Irreverent Mama

Saturday, February 23, 2008

I hear the giggles as I walk by her room. Bekah is chatting on Skype.

(She has no idea of the luxury of those limitless calls. Limitless long distance calls -- limitless because they're free. What will be the luxuries her children enjoy which bemuse her? What awaits my grandchildren?)

She is chatting with her friend Philippe. Philippe was the very likeable young man who spent a summer with us as an exchange student two years ago when he was 17 and Bekah not quite 13. English-speaking 17-year-olds from Ontario went to Quebec and New Brunswick to improve their French; French-speaking youths came here in exchange. A lanky young fellow, with an exuberant mop of red curls, Pilippe's soft-spoken easy-going ways and good humour endeared himself to the entire family.

Bekah, it seems, endeared herself particularly to him.

They've kept in touch through emails and IM, and most recently with the free phone calls. The conversation just flows between those two. Hours and hours of it. He's held her hand through a boyfriend and a breakup; she gives him (very sensible) advice re: family relationships and the appalling lack of greenery in his diet. I don't know what all else they might talk about over the hours. I'm not told.

I am of two minds about this relationship. I am not entirely comfortable with the amount of time she "spends" with him. Obviously, sex isn't an issue, which is a relief to me, because she's only 14. A physically mature 14, a very sensible and emotionally stable 14, but still fourteen. But still, she spends a lot of time on this one relationship. I worry some about balance in her life. I keep an eye on her, making sure that other activities and relationships are not suffering as a result. They don't seem to be, but I keep a cautious maternal eye on her.

On the other hand, and this hand weighs heavily, I am very pleased that one of the most significant relationships in her life revolves entirely around conversation. They have no shared activities. They have shared interests, but, separated by a thousand kilometres or so, they can't do them together. The can't watch movies together. They do occasionally play internet games together, but not often.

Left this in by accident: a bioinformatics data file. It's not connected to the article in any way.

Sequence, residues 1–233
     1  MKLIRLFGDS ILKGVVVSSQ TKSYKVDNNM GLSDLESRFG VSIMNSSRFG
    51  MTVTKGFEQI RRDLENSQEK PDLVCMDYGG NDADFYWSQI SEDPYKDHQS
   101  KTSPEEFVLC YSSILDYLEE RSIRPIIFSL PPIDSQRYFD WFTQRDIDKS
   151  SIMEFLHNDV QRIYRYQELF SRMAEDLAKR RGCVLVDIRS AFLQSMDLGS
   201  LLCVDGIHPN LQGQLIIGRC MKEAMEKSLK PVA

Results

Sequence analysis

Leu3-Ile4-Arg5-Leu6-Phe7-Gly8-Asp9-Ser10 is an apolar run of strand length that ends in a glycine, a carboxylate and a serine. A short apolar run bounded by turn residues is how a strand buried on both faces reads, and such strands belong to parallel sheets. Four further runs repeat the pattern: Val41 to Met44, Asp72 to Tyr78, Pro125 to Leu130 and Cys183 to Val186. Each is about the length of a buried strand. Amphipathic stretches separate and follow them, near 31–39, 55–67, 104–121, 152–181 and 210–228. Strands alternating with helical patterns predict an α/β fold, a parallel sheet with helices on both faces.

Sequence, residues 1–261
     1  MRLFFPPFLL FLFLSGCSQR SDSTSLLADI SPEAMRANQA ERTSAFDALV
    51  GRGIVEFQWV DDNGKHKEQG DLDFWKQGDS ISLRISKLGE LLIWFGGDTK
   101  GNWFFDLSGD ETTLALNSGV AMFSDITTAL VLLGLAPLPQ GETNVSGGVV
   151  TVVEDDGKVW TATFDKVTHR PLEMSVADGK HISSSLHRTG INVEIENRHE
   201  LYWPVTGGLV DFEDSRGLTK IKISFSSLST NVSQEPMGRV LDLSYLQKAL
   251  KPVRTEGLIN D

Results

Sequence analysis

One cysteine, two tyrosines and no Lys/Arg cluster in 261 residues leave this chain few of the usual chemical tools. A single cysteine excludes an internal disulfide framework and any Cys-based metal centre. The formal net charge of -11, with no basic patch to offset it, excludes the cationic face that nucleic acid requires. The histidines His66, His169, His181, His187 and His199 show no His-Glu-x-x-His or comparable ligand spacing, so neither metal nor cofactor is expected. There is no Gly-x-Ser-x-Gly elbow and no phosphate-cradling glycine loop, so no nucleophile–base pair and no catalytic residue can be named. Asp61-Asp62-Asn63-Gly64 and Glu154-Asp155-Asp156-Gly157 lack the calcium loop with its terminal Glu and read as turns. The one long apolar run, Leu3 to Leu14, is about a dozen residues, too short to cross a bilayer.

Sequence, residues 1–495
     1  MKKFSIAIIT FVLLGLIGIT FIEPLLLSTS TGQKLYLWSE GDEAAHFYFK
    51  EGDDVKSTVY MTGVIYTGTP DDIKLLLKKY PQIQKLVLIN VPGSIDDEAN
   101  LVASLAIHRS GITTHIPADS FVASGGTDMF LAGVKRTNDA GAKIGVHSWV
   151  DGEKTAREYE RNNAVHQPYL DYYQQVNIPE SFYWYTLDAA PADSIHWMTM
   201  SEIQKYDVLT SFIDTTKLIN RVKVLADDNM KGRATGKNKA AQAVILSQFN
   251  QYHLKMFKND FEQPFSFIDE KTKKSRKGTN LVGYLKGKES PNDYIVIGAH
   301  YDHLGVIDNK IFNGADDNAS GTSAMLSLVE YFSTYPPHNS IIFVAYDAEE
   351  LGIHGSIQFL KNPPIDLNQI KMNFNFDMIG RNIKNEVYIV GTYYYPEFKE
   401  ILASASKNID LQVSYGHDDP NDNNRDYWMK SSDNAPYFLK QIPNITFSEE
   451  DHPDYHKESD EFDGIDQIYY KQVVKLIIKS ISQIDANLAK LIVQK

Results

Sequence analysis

What they do is talk. And talk and talk and talk.

Yes, I do haul her out of her room. She eats meals with the family, chores get done, homework is accomplished, she spends time every day chatting with me. But they talk. Every day.

I recall an occasion when her father came to visit me over Christmas break. We were in our early twenties, maybe even in our late teens, and had each gone to our respective families for the holidays. But ten days was too long for our love-struck hearts to be separated, so he drove over to visit one day.

After visiting with my family, we were desperate for some time together, so we went for a drive, chatting idly about this or that thing out the window, and ended up having a coffee in a roadside diner somewhere. We sat on opposite sides of the table ... and the conversation shrivelled. We had nothing to say to each other. Nothing.

He held my hand. We smiled at each other. But we had nothing to say.

Why did I go ahead and marry this man, when conversation is so desperately important to me? Well, at the time I didn't know that. I didn't know at lot of things at 19 or 20. It took twelve years of a conversation-free marriage to teach me how my soul craves conversation. Not just mindless words, words, words tossed out, cluttering the air -- though there's certainly a place for casual, idle, and functional chatter. But conversation: a steady flow of interest in the other, the exchange of ideas, the building-up of new ideas as a joint creative enterprise.

To me, that's the bedrock of a relationship. Fundamental, foundational, indispensible.

And for twelve years, I lived without it.

I married him because I was young and stupid and "in love". We loved each other! Conversation would come, right? I didn't realize that "in love" would not create something that didn't exist. I didn't realize that "in love" would parch to dust and blow away in the desert of silence and strictly-functional communication.

Bekah, in her room, chatters away. There is no lack of conversation with those two. Their relationship is not, as mine was with her father at the same point in the relationship timeline, built primarily on hormones and the physical.

So, though the amount of time she spends with this one friend does cause me some concern, the quality of the relationship reassures. If he is going to become someone significant in her life -- someone even more significant -- they are going about it the right way.

But I'm still glad he lives in New Brunswick.

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2 Comments:

  • That is such a nice post!

    By Blogger john.g., at 1:58 PM  

  • She will learn that no other relationship will be as satisfying as this one, unless it has the conversation.

    And that is something valuable. I'd be glad he was in New Brunswick, too. LOL.

    By Blogger Jen, at 4:11 PM  

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